Requires the California Student Aid Commission (CSAC) to work with the California Department of Social Services (DSS) to develop an automated system to verify a student’s status as a foster youth for the purposes of processing applications for state or federal financial aid; (2) expands the Cooperating Agencies Foster Youth Educational Support (CAFYES) Program from up to 10 community college districts to 20 community college districts; and, (3) requires the county child welfare case plan, for a youth who is at least 16 years of age, to identify the person who is to be responsible for assisting the youth with applications for postsecondary education and related financial aid.
SB 54 (De León D) Law enforcement: sharing data.
Status: 10/5/2017-Approved by the Governor. Chaptered by Secretary of State. Chapter 495, Statutes of 2017.
CCLC Analysis: The bill would require, by October 1, 2018, the Attorney General, in consultation with the appropriate stakeholders, to publish model policies limiting assistance with immigration enforcement to the fullest extent possible for use by public schools, public libraries, health facilities operated by the state or a political subdivision of the state, and courthouses, among others. It would then require, among others, all public schools, health facilities operated by the state or a political subdivision of the state, and courthouses to implement the model policy, or an equivalent policy.
SB 68 (Lara D) Public postsecondary education: exemption from nonresident tuition.
Status: Approved by the Governor. Chapter 496, Statutes of 2017.
CCLC Analysis: This bill expands eligibility for the exemption from paying nonresident tuition at California’s public postsecondary institutions established under the provisions of AB 540 (Firebaugh, Chapter 814, Statutes of 2001) to students who have completed three or more years of attendance or earned credits equivalent to three or more years of full-time credits at an elementary school, secondary school, adult school and/or California Community College (CCC).
Frequently Asked Questions: AB 19 (California College Promise)
On Sunday, October 15, Governor Brown completed his actions on key bills impacting California’s community colleges. One bill that has received extensive attention from both the media and college administrators is AB 19 (Chapter 735, Statutes of 2017) by Assembly Member Santiago. The League is providing the following set of frequently asked questions (FAQ) based on our internal analysis of the bill and conversations with experts in the field.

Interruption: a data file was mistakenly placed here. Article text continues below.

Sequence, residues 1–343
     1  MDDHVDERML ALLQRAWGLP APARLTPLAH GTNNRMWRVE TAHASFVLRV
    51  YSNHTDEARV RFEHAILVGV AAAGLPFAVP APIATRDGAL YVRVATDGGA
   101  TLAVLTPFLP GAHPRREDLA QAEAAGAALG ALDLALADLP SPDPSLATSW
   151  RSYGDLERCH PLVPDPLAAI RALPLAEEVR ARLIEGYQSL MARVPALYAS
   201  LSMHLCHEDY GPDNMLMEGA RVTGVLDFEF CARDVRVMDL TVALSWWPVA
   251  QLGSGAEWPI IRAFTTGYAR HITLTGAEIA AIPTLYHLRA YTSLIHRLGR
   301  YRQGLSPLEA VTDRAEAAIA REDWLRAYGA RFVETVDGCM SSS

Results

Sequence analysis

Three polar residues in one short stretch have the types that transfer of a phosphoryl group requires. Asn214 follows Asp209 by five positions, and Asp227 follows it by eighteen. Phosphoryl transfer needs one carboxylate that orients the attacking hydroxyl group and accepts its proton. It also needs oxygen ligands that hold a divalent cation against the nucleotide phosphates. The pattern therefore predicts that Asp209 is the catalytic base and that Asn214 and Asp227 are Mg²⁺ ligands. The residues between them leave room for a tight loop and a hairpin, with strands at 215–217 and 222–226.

FAQs About AB 19
Q: What does AB 19, the California College Promise bill, do?
A: The bill establishes a new an unfunded categorical program called the California College Promise program. The intent of the author and sponsors is that the Legislature will appropriate money to the system in an amount sufficient to waive fees for all full-time (12 units plus) first-time students (regardless of student financial need) for one academic year.
Q: Does AB 19 establish free community college for all full-time first-time students?
A: No. The bill/program may do that in the future, with funding and with additional statutory changes, but it’s not what the bill does now.
Q: Is there funding associated with AB 19, the California College Promise categorical program?
A: There is no money allocated in the 2017-18 Budget Act for this measure. The Governor may consider including funding for the program in the 2018-19 budget, thus the earliest funding could potentially be available to colleges/districts is fall 2018.
Q: If the Program is funded in the 2018-19 Budget, must a college/district use the money to waive fees for first time, full-time student?
A: Colleges may use the money receive under this new categorical program to waive some or all of the fees for new first-time full-time who otherwise are not eligible for the BOG fee waiver. However, the language in AB 19 is permissive, so a college/district could also use the money to partially offset fees and then use the remainder to provide additional assistance to students with financial need.
Q: What is required of colleges/district to establish a California College Promise program under AB 19?
A: To be eligible for any potential future monies, a college/district must take all of the following six actions:
- Partner with K-12 to establish an Early Commitment to College program to provide K-12 students and families with information about college (e.g., campus visits, college-going initiatives, financial aid awareness, etc.)
- Partner with high schools to support and improve high school student preparation and reducing the need for college-level remediation (e.g., small learning communities, concurrent enrollment, other evidence-based practices)
- Utilize evidence-based assessment and placement that include multiple measures* (e.g., overall GPA, high school GPA, other evidence-based practices to improve outcomes for underprepared students) (*AB 705 will take effect on January 1, 2018, requiring colleges to maximize the probability that a student will enter and complete coursework in math and English within a one-year timeframe.)